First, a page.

Classical Reissue Reviews
Klemperer = MOZART: Masonic Funeral Music; SCHUBERT: Symphony No. 8 “Unfinished”; BERLIOZ: Love Scene from Romeo and Juliet Symphony; BEETHOVEN: Symphony No. 1 – New Philharmonia Orch./ Otto Klemperer – Testament (2 CDs)
Published on August 29, 2013
Klemperer = MOZART: Masonic Funeral Music, K. 477; SCHUBERT: Symphony No. 8 in B Minor, D. 759 Unfinished”; BERLIOZ: Love Scene from Romeo and Juliet Symphony, Op. 17; BEETHOVEN: Symphony No. 1 in C Major, Op. 21 – New Philharmonia Orch./ Otto Klemperer – Testament SBT2 1478 (2 CDs at reduced price), 30:44, 47:41 [Distr. by Harmonia mundi] ****:
The magnificent concert mounted (11 February 1968) by Otto Klemperer and the New Philharmonia Orchestra in honor of British publisher and arts humanitarian Sir Victor Gollancz (1893-1967) at Royal Festival Hall, London included music dear to the influential publishing magnate’s heart. The level of response from the New Philharmonia Orchestra astonishes, especially in the sheer organ magnitude of the woodwinds in Schubert’s Unfinished Symphony.
Typically, Klemperer elicits the heavy tread, the slow pace, and the grand line from the outset, invoking the potent valediction of the evening with Mozart’s intensely solemn Masonic Funeral Music, with its homage to Gluck. The real rarity of the program lies in Klemperer’s having set the Love Scene from the Berlioz Romeo and Juliet Symphony as a spacious operatic scene complete in itself, rife with adumbrations of Wagner’s Tristan. If Klemperer perpetually aspires to the colossal, the effect only gains significance in the music of the arch-Romantic Berlioz, whose own conception of love-death proves as fluently erotic as the drawn-out machinations of the German operatic master.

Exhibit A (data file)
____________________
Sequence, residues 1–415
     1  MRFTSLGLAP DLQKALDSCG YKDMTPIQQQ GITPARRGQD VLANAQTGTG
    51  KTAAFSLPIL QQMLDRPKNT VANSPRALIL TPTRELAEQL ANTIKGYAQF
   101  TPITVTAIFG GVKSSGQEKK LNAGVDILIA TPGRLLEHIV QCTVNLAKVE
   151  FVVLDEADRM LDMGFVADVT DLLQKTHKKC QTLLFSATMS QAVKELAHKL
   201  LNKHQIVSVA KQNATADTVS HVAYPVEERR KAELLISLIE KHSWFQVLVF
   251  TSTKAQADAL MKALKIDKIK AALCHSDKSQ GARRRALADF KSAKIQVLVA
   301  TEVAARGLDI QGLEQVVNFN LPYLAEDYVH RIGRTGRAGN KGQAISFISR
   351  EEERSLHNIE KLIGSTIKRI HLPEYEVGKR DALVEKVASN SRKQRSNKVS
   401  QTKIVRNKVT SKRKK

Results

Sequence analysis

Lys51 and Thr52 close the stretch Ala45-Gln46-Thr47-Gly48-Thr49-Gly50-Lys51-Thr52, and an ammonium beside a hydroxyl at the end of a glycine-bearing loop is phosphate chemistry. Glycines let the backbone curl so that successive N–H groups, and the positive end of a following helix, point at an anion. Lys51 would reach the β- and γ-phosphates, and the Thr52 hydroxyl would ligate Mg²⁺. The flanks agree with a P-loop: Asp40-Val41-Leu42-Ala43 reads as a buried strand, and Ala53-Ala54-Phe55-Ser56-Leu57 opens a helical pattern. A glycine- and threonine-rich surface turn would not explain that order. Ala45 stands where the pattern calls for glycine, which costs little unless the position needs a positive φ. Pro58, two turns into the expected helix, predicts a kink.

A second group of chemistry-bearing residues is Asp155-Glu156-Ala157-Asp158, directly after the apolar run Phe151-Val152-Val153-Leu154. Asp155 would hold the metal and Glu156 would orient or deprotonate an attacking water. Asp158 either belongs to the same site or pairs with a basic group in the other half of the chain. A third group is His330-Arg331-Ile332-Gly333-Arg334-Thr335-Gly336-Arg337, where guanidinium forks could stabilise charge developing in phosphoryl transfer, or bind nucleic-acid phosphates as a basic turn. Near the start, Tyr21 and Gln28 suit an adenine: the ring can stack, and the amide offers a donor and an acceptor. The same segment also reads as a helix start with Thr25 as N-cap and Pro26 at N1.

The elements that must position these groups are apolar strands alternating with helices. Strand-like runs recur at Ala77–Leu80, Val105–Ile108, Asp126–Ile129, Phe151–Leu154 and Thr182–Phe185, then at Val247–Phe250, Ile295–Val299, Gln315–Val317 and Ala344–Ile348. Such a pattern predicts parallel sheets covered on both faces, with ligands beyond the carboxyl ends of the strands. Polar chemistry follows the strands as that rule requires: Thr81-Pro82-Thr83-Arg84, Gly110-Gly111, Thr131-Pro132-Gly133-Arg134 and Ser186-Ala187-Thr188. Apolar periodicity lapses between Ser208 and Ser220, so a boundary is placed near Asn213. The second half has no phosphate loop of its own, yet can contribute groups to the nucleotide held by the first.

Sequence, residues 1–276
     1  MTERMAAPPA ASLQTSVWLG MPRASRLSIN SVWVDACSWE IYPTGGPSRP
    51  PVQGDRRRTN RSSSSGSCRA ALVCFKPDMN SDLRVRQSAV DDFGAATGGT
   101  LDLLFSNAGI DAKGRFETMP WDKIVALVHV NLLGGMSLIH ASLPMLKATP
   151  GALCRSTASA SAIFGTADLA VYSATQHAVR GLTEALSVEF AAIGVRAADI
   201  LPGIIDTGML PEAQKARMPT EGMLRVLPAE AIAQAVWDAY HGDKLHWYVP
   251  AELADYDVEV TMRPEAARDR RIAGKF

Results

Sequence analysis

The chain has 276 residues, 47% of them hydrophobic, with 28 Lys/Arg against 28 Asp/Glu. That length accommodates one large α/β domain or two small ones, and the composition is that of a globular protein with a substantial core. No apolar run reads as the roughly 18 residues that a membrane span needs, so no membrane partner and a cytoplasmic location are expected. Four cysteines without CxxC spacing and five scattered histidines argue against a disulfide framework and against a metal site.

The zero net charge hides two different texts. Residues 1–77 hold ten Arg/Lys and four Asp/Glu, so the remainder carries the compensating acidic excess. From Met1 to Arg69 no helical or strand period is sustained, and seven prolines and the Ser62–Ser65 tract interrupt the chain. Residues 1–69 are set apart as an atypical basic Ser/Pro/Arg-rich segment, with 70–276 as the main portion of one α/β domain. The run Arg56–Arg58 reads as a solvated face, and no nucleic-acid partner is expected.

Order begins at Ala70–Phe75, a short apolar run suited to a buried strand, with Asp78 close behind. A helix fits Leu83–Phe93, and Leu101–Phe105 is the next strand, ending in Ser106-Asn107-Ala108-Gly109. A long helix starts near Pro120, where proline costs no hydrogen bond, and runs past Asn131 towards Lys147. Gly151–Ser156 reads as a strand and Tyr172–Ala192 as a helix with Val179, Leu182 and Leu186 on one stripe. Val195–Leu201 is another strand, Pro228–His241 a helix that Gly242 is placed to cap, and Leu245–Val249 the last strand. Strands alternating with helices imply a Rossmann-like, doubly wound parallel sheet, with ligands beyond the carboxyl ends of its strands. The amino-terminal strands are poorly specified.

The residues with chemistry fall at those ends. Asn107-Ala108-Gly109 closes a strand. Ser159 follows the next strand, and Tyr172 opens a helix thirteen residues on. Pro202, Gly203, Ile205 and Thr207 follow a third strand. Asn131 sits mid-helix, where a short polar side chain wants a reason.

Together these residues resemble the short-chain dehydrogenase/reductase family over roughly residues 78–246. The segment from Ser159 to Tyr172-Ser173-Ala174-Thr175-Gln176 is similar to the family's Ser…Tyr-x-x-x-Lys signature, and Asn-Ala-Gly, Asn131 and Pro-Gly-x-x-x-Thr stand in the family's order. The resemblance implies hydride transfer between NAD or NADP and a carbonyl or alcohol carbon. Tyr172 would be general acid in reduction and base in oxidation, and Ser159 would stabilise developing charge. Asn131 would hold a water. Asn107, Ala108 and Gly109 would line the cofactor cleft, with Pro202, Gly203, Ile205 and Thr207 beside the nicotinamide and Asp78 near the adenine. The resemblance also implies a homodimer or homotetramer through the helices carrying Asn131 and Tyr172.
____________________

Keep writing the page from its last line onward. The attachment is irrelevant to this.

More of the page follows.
The concert concludes (as recorded) with the Beethoven C Major Symphony, since the Leonore Overture No. 3 has not survived. Unapologetic in its means, which certainly eschew anything like a reduced force for “authenticity’s sake,” the Beethoven rather plummets forward, the first movement repeat’s only adding to a girth and irreverent swagger the music projects in the face of Haydn and orthodox Classicism. Gollancz himself heralded Klemperer as the Beethoven conductor par excellence, whose only serious rival had been Felix Weingartner. As had Klemperer, Gollancz earned a supreme testimonial from Observer critic Peter Heyworth, who extolled Gollancz as “a man who in sixty years of concert-going, showed the deepest devotion to the cause of music.” This recorded concert more than repays the Klemperer devotee with an unbroken line of spiritual intensity in titanic gestures, fully appreciated by a most receptive audience.